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Not as thrilling as the first book
on 5 September 2010
Set a year after the first novel finished and things are starting to look up for Salander. Thanks to some adept financial maneuvers at the end of the first book, she is now independently wealthy and is settling herself into a plush, new apartment in the centre of Stockholm. For Mikael Blomqvist, everything has returned to normal back at the Millennium office as new reporter Dag Svensson along with his girlfriend prepare to publish an explosive report on sex trafficking which threatens to bring down quite a few prominent men, including lawyers and top policemen. But of course things don't run smoothly for long. When two horrific crimes are committed quickly after one another, Mikael finds himself in the middle of a deadly chase to the truth, not knowing who he can trust. And for Salander, her freedom and autonomy - the very things she has fought her whole life for - seem certain to be snatched from her.
The best thing about the story here is that we get to fill in the 'blanks' about Lisbeth Salander's character from the first book. We come to fully comprehend her mistrust and hatred for the authorities and the often all-too-powerful men behind them. Her past, which was only hinted at in the first novel, is fully exploited here and what emerges is a rounder, more sympathetic view of Salander. She is by far one of the most intriguing characters to crop up in a thriller for a long time and it's great to see that she plays the lead role here although personally I felt the twists and turns of the plot didn't allow her as free a rein as I would have liked.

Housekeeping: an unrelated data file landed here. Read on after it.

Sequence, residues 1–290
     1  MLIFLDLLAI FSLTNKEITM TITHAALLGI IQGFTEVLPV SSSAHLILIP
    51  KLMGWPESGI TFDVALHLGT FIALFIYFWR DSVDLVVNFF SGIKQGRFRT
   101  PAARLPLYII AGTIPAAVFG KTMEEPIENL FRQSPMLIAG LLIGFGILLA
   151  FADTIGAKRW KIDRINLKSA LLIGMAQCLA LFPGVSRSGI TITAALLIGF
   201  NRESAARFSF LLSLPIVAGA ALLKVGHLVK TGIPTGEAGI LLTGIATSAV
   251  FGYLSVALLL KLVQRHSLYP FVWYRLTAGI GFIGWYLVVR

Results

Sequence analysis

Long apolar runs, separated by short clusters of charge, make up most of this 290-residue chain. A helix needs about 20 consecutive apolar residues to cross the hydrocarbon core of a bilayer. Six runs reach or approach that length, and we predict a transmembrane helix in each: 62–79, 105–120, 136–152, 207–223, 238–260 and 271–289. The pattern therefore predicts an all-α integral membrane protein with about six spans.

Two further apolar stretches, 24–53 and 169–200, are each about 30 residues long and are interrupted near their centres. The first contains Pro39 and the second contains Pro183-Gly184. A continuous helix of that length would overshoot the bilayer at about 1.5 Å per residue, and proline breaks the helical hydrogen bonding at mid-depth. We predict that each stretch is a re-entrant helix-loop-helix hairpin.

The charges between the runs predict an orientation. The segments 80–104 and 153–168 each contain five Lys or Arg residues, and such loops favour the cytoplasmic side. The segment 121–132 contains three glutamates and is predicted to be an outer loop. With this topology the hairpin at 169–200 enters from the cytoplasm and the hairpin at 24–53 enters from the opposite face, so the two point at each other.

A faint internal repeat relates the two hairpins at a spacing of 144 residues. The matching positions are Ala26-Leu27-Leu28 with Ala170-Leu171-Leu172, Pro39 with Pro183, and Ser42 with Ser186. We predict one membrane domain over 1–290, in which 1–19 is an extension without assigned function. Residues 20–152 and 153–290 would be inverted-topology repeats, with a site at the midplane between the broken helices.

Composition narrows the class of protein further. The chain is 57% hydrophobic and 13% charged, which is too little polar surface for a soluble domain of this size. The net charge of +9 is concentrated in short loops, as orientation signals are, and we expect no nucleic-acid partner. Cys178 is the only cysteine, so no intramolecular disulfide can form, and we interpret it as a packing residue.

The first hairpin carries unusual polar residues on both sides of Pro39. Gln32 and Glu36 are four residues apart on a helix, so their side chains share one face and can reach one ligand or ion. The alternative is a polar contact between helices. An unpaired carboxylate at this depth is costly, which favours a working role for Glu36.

I have to be honest though and say that, in my opinion, this isn't as good a novel as the first one. There is a large section at the beginning which seems to bear little relevance to the rest of the book. It does help to provide the reader with the motivation behind some of Salander's seemingly irrational behaviour but this could have been shown in a much more concise way. Additionally, it seemed to me there was too much exposition of what was going on behind the scenes. We are given reams of detail on the in-fighting between the different police and justice teams and for me this slowed the action down considerably and just was secondary to the main thrust of the novel. Maybe any unncessary additional police characters would have been removed in a final edit if the author had lived. Sadly we will never know.
Like its predecessor, 'The Girl Who Played With Fire' is a thriller which doesn't shy away from shining a light on the less savoury scenes of Swedish/Western society. As you would expect given the subject matter, some of the scenes are pretty hard-hitting and it does builds to a brilliant, claustrophobic finish, leaving you wanting more. Just a shame that some of the unnecessary detail hadn't been removed though as I think it could have been so much better.